These first weeks of May mark events in 1970 unlike any in American history. Along with the most tragic consequence, an almost forgotten document of that time offers an eloquent statement of hope—for then and for now.
On April 30, President Richard Nixon announced the U.S. bombing of Cambodia as an escalation of the Vietnam War. Student protests and strikes swept colleges across the country. On May 4, National Guard troops at Kent State University shot at students, killing four and wounding nine. Protests and demonstrations expanded, and within the week hundreds of campuses were affected or closed down. Then ten days after Kent State, on May14, black students and other demonstrators at Jackson State College in Mississippi engaged with city and state policemen. Two students were killed and at least twelve were wounded.
Only a few weeks later, President Nixon established the President’s Commission on Campus Unrest on June 13, 1970. The Commission was chaired by William Scranton, former Pennsylvania Governor, and issued its report in October 1970.
Defining events have a half-life. Time passes, people pass, and more immediate crises displace the old. There are round-number anniversaries, and these events did get a boost from the fortieth anniversary a couple of years ago. Even when they are remembered, the visceral actuality and meaning get lost. If the event is at all controversial, it may be better to avoid the reminders completely and not have to deal with still-unsettled topics and themes. An example of this was the virtual silence surrounding last year’s 150th anniversary of the start of the Civil War. That could have been a platform for discussing so many issues—race, state’s rights, etc.—but we were understandably too busy trying to fix a broken national and world economy.
Maybe it is not surprising then that the 1970 report on campus unrest is so little mentioned or sought and so hard to find, even in this age of digital archives. It is worth reading, and not just as an historical artifact. President Nixon and others in his circle believed that colleges had become the breeding ground not just for opposition to the Vietnam War but for virulent and violent un-Americanism/anti-Americanism.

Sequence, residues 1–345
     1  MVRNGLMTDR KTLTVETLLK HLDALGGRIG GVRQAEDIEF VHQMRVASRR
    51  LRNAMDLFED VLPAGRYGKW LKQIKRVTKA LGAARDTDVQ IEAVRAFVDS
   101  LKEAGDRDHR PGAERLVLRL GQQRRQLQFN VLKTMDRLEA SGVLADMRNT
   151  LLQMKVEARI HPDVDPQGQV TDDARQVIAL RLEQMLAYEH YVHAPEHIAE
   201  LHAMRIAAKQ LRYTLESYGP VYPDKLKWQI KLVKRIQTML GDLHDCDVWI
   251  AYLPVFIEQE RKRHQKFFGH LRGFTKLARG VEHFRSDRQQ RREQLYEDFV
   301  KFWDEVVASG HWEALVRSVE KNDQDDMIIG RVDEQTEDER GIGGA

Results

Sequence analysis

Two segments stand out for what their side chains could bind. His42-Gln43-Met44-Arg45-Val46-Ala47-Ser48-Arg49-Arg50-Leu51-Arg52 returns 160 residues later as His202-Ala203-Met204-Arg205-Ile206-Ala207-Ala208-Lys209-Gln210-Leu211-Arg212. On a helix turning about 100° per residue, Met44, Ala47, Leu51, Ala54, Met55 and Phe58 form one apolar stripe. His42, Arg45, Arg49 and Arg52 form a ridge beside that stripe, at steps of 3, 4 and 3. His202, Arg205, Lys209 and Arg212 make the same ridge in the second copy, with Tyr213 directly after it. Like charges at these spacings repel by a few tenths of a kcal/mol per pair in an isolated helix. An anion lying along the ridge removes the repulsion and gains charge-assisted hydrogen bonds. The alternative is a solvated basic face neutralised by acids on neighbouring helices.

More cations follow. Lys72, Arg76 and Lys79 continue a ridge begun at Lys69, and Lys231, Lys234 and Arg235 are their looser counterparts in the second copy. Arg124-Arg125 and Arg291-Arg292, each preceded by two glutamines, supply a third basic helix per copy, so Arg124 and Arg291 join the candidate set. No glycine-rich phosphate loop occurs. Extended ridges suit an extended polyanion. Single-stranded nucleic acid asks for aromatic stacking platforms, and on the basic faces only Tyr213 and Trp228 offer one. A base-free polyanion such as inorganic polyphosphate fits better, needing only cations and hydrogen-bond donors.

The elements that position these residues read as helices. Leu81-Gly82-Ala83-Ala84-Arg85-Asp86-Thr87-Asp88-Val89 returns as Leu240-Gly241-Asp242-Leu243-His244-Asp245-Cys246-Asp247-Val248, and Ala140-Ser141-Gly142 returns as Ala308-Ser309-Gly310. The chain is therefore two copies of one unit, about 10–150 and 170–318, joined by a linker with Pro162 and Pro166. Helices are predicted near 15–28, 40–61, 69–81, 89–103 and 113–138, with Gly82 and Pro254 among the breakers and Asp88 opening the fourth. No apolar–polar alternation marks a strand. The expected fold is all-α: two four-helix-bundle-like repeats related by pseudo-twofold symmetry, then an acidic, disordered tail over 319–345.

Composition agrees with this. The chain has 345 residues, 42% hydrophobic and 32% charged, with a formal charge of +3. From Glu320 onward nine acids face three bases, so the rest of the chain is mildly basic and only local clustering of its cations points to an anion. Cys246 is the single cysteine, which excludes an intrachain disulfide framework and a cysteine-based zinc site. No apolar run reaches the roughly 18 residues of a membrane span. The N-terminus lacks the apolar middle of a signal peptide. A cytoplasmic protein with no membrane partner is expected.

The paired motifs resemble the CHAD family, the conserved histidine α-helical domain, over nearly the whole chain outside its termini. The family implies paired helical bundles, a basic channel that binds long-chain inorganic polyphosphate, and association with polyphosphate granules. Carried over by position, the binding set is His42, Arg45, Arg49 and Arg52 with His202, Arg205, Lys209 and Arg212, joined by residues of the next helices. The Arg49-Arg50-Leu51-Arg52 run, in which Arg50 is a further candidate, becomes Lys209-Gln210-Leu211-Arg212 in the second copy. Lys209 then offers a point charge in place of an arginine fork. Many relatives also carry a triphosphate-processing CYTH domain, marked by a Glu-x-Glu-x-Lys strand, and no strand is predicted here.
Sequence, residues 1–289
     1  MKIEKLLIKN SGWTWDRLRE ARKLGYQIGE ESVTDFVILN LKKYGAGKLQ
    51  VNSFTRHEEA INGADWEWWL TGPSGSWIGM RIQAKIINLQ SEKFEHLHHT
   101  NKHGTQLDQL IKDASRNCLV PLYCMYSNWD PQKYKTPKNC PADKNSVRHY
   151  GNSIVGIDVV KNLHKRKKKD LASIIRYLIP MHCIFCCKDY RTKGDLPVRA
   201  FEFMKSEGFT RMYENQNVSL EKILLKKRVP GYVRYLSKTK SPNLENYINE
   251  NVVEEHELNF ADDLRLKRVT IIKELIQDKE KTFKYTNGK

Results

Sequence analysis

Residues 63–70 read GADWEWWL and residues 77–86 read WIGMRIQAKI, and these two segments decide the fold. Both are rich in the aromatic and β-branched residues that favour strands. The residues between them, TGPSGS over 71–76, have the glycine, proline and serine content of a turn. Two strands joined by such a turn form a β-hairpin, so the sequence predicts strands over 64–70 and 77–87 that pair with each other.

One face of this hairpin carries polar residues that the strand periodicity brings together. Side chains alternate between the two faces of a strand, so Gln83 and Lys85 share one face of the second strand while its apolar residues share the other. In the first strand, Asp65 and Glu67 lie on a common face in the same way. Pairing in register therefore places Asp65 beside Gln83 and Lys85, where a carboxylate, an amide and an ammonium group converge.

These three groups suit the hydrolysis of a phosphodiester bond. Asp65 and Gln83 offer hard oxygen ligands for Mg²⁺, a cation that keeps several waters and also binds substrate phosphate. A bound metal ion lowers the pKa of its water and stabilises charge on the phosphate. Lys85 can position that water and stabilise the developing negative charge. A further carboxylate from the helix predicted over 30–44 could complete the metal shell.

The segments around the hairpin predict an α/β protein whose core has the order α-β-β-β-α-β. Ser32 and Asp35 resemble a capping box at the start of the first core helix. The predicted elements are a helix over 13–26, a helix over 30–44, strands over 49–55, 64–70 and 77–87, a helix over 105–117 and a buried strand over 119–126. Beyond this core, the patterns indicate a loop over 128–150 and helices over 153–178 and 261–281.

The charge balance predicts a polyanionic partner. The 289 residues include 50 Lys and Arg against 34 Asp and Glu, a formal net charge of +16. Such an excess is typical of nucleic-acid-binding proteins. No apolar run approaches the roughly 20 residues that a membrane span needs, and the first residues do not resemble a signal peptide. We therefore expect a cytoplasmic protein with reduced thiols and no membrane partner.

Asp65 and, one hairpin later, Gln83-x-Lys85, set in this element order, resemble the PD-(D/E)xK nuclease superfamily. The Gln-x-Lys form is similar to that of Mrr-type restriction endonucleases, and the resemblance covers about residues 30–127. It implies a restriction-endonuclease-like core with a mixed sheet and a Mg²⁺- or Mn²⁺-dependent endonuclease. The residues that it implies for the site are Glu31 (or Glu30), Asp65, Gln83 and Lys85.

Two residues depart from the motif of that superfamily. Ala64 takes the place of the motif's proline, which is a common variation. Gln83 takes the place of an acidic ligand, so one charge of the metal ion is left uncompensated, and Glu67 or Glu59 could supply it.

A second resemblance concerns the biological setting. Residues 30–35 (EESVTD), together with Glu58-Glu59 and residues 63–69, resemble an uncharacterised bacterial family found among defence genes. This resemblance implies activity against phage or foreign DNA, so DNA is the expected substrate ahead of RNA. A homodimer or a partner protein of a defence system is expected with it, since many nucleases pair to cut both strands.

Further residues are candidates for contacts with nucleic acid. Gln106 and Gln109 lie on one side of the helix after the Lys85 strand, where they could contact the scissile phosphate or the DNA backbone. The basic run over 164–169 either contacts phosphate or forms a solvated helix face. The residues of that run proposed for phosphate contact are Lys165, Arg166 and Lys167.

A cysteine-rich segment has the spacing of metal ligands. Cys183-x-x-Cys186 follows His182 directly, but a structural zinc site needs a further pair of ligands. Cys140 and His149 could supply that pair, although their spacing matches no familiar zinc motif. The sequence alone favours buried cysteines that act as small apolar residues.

He hoped that the Commission would support this view of America. He got some of that, with conclusions that there were a minority of strident academics and students who, well-meaning or not, had created an environment of intolerance where discord and violence were the inevitable outcomes. This the report called a “Crisis of Violence.”
But the Commission also found what it called a “Crisis of Understanding.” This moderate and idealistic analysis was not what President Nixon had in mind. It is an unbearably eloquent statement of aspiration and progress that could be written today—not in spite of the specifics being so different, but in their being so much of the moment.
From the introduction:
The crisis on American campuses has no parallel in the history of the nation. This crisis has roots in divisions of American society as deep as any since the Civil War. The divisions are reflected in violent acts and harsh rhetoric, and in the enmity of those Americans who see themselves as occupying opposing camps. Campus unrest reflects and increases a more profound crisis in the nation as a whole. This crisis has two components: a crisis of violence and a crisis of understanding.…